2014 - One of the most crucial aspects of the Collaborative design process is cost estimating—it helps community organizations understand what’s feasible and demonstrates how the design process can begin to inform fundraising. This vital process allows communities to set and achieve their goals.
For the past three years, the Collaborative has benefitted from Patrick Snoke’s active involvement and expertise. As a cost estimator, Patrick has donated over 160 hours of his time on projects such as Fellowship Farm, Starfinder Foundation, Spring Gardens, New Freedom Theater and several rStore façade improvement projects. His sense of humor and humility can make it easy to take his work for granted, but when we talked with him, it became clear that Patrick makes a huge impact.
Though the bulk of cost estimating is done at the end of the project, Patrick prefers to give his input from the very beginning. As a seasoned construction and building expert, he joins in site visits and meeting clients to ensure that plans end up being feasible and realistic.
As he explains it, the work he does is barbelled with site visits and research in the beginning, and then cost estimation calculations in the end. Although he jokes about his free time in the middle of the design process, in reality he uses this time to take on more projects, sometimes working on two at once. “Because it’s pockets of work, it’s easier for me to manage the workload. It’s probably why I volunteer more often, or when I get the phone call I’ll say, ‘Yeah of course I’ll do it.’”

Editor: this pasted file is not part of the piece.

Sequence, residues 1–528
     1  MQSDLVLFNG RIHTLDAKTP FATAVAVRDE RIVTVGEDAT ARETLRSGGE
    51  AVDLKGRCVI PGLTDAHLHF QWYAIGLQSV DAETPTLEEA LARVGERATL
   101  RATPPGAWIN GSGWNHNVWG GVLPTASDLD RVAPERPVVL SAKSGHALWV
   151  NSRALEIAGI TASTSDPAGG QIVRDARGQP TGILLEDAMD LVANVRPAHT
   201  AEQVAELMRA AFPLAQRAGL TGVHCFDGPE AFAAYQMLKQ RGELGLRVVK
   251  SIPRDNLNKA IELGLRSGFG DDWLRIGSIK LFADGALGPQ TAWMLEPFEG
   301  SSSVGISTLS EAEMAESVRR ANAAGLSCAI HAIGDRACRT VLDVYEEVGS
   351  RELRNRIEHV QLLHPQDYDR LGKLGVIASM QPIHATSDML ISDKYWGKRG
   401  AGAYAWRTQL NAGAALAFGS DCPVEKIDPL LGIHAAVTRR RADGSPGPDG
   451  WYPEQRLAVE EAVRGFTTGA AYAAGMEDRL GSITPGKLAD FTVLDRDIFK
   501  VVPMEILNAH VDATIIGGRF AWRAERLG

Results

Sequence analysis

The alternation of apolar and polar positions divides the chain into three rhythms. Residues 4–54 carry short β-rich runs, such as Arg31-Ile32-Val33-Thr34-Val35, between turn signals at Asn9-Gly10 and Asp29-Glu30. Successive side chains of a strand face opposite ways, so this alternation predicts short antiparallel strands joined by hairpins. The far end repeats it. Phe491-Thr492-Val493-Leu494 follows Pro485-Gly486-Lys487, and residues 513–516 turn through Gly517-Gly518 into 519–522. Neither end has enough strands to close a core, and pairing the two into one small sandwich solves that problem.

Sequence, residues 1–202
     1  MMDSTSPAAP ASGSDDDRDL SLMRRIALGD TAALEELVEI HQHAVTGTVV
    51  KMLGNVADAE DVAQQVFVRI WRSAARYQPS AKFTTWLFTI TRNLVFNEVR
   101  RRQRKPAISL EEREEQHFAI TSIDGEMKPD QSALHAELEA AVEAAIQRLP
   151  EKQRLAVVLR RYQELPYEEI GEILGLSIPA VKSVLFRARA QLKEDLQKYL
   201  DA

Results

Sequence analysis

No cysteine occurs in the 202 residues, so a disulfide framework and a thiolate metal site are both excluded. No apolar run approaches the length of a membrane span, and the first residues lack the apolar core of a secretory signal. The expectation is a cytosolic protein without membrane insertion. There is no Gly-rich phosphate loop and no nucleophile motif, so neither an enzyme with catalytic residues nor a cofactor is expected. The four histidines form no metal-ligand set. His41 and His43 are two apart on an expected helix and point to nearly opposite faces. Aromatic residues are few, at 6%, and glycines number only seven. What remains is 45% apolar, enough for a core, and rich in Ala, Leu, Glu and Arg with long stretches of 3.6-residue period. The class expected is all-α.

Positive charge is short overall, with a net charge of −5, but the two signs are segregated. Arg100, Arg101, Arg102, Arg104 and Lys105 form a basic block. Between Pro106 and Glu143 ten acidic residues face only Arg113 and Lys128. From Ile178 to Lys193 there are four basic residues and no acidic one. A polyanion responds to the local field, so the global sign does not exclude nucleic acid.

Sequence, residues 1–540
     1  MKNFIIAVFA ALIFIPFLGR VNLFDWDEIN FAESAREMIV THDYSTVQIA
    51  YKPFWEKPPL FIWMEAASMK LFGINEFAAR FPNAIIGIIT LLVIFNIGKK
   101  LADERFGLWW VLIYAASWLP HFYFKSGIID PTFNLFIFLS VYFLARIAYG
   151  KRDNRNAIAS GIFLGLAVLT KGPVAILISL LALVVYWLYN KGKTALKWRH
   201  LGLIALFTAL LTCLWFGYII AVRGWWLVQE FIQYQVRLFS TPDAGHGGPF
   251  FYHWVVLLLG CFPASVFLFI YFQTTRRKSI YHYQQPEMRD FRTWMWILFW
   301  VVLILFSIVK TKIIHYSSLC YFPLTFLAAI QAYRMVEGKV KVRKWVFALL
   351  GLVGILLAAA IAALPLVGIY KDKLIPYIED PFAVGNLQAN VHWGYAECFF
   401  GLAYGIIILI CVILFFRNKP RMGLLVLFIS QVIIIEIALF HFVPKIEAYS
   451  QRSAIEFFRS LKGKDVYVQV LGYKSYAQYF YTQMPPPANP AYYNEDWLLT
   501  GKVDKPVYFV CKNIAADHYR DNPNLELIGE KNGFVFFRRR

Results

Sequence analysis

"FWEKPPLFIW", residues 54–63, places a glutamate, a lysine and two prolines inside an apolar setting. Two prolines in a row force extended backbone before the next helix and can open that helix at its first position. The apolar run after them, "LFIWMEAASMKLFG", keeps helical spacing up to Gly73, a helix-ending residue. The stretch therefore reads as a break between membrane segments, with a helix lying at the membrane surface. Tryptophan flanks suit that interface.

Helping Communities Take the Initiative
The reason for Patrick’s consistent involvement? There are many, but most influential is his past experience directing construction and maintenance for a large nonprofit. Because of this, he truly understands the challenges of this sector. In his experience, many nonprofits “know the programs they want to provide to people, but they don’t know how to manifest that into a building that would do what they need to do.”
This is where Patrick and other Collaborative volunteers step in. And for him, “that’s the most rewarding part, to be able to participate and help the nonprofits take their program in a direction they want to go.”
For Patrick, helping communities “push along” their mission feels especially impactful in smaller scale projects like rStore, where design professionals help revitalize Philadelphia’s commercial corridors through façade improvements. In one day, Collaborative volunteers consult with store owners and brainstorm viable options for improving their facades. These are later translated into drawings and cost estimates, which are given to the storeowners to support reinvestment in the corridor.
Patrick notes that, in these projects “you see some of the communities actually do the work, and make immediate progress.” With quantifiable goals in hand, “an ambitious group of volunteers and organizations” can quickly make a huge difference in their neighborhood.
According to Patrick, this type of community design is especially important in Philadelphia today. “Community development corporations put the ability of the people who are actually in the neighborhood to push along the projects, and they turn around their own community.”
In the end, for Patrick, the logic is simple: “they’re taking the initiative to be responsible for their community, so professionals should be involved to help them.”